After the movie became a modest hit, Ratner turned his powers of persuasion on Stern, entreating him to leave the studio to come and work for him. At the time, Stern declined. “I was like, ‘I’m kind of an up-and-coming executive. I’m not going to leave and go produce movies. You directed one movie!'” Four years later, when Ratner renewed the offer in the wake of Rush Hour, Stern accepted. “When he gets enthusiastic about something,” Stern says, “look out — he’s going to make it happen.”
“He could sell ice to Eskimos,” says Rush Hour 3 associate producer David Gorder, echoing the sentiments of almost everyone I talk to for this article.
It’s a trait Ratner ascribes to his mother, Marsha Presman, who taught him to be fearless in the pursuit of his goals. Described by Ratner as “a bit of a party girl in Miami” — a hint that extroversion may run in the family — she was just 16 when she gave birth out of wedlock, and Ratner grew up thinking of her less as a parent than as an older sibling. His father, Ronny, a ne’er-do-well rich kid who Ratner tersely calls “a druggie, a fuckup,” wasn’t in the picture at all; by the time they finally met, Ratner was already 16. Meanwhile, the man Ratner called “Dad” and credits with raising him was Alvin Malnick, a Miami lawyer and friend of Ratner’s paternal grandfather whose clients included the gangster Meyer Lansky.
As a teenager, Ratner developed a close bond with another family friend, famed music producer and Chic guitarist Nile Rodgers. It was Rodgers who bought him his first Super 8 movie camera and allowed him to bring it into the studio during the recording of Madonna’s seminal Like a Virgin album in 1985. “Madonna was like, ‘Get this kid away from me, he’s so annoying!,'” Ratner remembers. A scant 14 years later, Ratner found himself directing the pop star in the video to her “Beautiful Stranger” single from the Austin Powers soundtrack.
Then, earlier this year, the mythology came full circle with Ratner’s self-effacing cameo on HBO’s Entourage, in which the show’s endearingly bullheaded career bit player Johnny “Drama” Chase (Kevin Dillon) convinces Ratner to cast him in Rush Hour 3 by invoking the director’s own storied history of lucky breaks and refusing to take “no” for an answer. The kid who once had to hustle his way into film school is now the director kids go to film school trying to become. And when Ratner tells you how it all happened — as I saw him do this past May before an audience of students at the Cannes Film Festival — he does so with such beguiling, if-I-could-do-it-you-can-too modesty, that it’s not even worth asking if everything in Ratner’s life really happened so fatefully or if certain episodes have been enhanced for dramatic effect (like that “chance” meeting with Simmons that maybe, just maybe, was carefully engineered on Ratner’s part). It’s a good story, and Ratner is nothing if not a born storyteller.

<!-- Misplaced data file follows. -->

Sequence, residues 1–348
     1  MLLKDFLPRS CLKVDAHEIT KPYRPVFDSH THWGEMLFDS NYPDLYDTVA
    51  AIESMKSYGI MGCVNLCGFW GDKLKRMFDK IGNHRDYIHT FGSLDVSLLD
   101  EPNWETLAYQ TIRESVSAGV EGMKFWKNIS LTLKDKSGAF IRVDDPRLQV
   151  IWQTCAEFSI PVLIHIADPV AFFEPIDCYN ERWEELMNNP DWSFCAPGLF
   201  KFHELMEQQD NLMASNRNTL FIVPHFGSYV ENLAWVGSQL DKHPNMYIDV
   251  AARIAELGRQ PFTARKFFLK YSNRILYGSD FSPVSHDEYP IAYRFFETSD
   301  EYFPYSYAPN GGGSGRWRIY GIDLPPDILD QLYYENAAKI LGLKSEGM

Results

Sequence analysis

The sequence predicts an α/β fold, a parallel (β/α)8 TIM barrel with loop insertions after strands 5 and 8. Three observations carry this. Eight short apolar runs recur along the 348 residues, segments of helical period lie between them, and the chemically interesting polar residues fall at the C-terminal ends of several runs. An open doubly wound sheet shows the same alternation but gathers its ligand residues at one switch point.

For the record, Brett Ratner doesn’t particularly care whether you take him seriously or not. At least he says he doesn’t, and I tend to believe him. It’s one of Ratner’s most appealing traits, actually — a lack of pretense and a sense of comfort inside his own skin that one all too rarely encounters in a business where every comic actor wants to be taken seriously, every agent is actually a producer, indie directors hanker to try their hand on big-studio projects, and George Lucas says what he really wants to do is make small, personal art movies.
“He doesn’t have a consumed sense of self-importance — which I think, by comparison to other people who are similarly successful is, if not unique, at least unusual,” says Toback. And indeed, when you talk to Ratner, you never feel that he’s putting on an act or trying to convince you he’s something that he’s not. He’s one of those people for whom the expression “high on life” seems to have been invented — which, in Ratner’s case, may be the literal truth, given that this confessed party boy swears off alcohol and all drugs (including coffee). Can Ratner be brash? Certainly. Does he enjoy being the center of attention? Without question. Does he, during one of our meetings, receive a party invite from Paris Hilton on his iPhone? I’d be lying if I said otherwise. But he’s the first to poke fun at himself, and the last thing he seems interested in is wasting any time countering his detractors.